Why Trauma Informed Care?

July 1, 2019

 

With more and more practitioners becoming involved in the provision of care in humanitarian settings, the issue of secondary trauma experienced by personnel when exposed to stressful and emotional circumstances has been exposed. Often the health of these aid workers are sacrificed in the line of duty, affecting their physical and mental health, and policy must be put into place to help prepare workers for such environments and treat them effectively when they do experience poor health. 

We've taken an exclusive extract from our upcoming publication, A Field Manual for Palliative Care in Humanitarian Crises (December, 2019), highlighting the importance of care that is informed on this issue to ensure medical workers can provide essential aid without damaging their own health. 

You can find more resources on humanitarian medicine in our content collection here.

 

 

 

Why Trauma Informed Care?

By The Rev. Denah M. Joseph, BCC, MFT and Jessi Humphreys, MD

 
Our fellow human beings are going through intense suffering, and those of us working in humanitarian crises are likely not only to be moved by compassion but also to be traumatized by the exposure to such intense suffering. This is especially true in global health, where providers routinely and selflessly promote the welfare of others, and in doing do, can suffer unexpected harm.
 
It is common and temporarily adaptive to proceed as if we are immune to this intensity of suffering and trauma, to focus on the immediate needs of the day, and set our own wellbeing aside. While this may be effective and even necessary during a shift where your primary attention is required for applying tourniquets and avoiding bullets, this is not sustainable practice for practitioners who wish to continue in the field of humanitarian medicine. Nowhere are healthcare providers as subject to as many varied forms of stress and trauma than in humanitarian crises.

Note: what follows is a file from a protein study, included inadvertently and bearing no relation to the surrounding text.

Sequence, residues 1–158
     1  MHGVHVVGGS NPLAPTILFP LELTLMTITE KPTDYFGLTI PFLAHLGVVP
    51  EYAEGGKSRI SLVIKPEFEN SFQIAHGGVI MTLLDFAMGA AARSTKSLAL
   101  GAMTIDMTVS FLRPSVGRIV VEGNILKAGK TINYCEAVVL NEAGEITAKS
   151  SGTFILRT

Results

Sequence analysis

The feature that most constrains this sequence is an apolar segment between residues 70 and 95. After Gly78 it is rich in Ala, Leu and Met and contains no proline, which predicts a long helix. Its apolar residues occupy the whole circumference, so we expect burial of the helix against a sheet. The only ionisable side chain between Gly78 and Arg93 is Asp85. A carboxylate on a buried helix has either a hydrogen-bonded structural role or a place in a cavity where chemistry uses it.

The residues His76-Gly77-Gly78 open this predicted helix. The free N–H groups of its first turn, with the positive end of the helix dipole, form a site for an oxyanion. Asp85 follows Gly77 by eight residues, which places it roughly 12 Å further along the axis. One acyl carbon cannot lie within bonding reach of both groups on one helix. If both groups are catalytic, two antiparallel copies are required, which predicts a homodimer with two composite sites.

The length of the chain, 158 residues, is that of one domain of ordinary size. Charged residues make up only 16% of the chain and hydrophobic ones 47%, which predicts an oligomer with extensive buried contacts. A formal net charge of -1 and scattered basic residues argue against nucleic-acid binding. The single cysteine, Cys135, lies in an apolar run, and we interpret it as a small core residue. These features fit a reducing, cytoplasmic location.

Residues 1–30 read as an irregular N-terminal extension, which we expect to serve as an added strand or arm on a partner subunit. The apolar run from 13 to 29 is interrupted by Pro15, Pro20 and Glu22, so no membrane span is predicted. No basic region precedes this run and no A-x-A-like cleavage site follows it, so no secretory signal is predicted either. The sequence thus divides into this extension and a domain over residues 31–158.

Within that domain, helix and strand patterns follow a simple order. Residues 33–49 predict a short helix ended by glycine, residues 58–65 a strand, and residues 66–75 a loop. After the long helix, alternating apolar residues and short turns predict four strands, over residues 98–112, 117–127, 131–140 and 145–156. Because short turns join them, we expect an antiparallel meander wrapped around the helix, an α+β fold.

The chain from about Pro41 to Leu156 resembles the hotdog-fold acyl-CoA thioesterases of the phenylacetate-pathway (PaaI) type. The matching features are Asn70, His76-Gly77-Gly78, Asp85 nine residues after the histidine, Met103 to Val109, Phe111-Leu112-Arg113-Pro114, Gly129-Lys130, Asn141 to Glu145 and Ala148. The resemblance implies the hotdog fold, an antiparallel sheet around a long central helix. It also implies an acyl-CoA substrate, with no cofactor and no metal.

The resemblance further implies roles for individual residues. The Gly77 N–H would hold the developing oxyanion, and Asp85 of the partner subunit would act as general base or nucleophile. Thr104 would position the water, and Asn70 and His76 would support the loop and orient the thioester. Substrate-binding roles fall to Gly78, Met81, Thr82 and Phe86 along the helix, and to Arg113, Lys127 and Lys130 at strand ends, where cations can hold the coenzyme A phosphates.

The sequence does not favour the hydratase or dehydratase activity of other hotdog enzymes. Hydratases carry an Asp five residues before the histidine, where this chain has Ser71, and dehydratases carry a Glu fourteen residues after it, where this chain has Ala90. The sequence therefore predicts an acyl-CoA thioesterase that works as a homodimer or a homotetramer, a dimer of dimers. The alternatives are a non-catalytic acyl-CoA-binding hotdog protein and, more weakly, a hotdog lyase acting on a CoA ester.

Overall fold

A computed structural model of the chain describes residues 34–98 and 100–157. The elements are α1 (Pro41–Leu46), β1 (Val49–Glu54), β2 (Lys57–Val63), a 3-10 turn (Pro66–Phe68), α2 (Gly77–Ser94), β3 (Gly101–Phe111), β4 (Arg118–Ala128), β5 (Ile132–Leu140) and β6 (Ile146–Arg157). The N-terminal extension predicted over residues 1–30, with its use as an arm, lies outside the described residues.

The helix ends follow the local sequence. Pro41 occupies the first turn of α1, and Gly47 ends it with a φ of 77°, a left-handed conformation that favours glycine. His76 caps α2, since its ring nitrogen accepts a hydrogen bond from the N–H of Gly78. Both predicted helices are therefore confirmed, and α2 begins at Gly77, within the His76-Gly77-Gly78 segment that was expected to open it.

The practice of medicine exposes providers routinely to suffering and trauma even outside of crisis situations. In responding as we aspire to, with empathy and compassionate action, we recognize that vicarious or secondary trauma is invariable. The construct of trauma exposure syndrome provides a useful model for addressing the mental health sequelae for providers following trauma both during and after their work in the field. Trauma response is increasingly recognized as a normal response to an abnormal situation, and may be less pathologized among healthcare providers than thinking of themselves as suffering from a psychiatric disorder such as depression.
 
The special circumstances of caring for those in mass humanitarian crises must lead us to re-examine and re-define what exactly we can hope for in terms of burnout prevention and resilience promotion under these intense and extreme circumstances. Unique, non-normative experiences in humanitarian crises can lead to a variety of maladaptive behavioral responses including complicated grief, substance abuse, risky sexual behavior, and numbing and dissociation. These experiences are associated with and can lead to more complex stress response syndromes including burnout, depression, trauma exposure syndrome, and anxiety related syndromes.
 
These syndromes impact providers’ professional and personal lives, their ability to provide care to patients, as well as to care for themselves, their families and loved ones. Addressing this is an ethical issue, as we have a moral obligation to ensure we are not sacrificing our own on the altar of caring for others in great need.  It is also an imminently practical issue, as we have an interest in ensuring our healthcare work force continues to function and provide quality care in humanitarian crises. The prime directive of being a first responder is not to become a victim yourself. We have the opportunity to be at the forefront of this movement, to recognize the risks to teams and individuals, and develop best practices in protecting providers.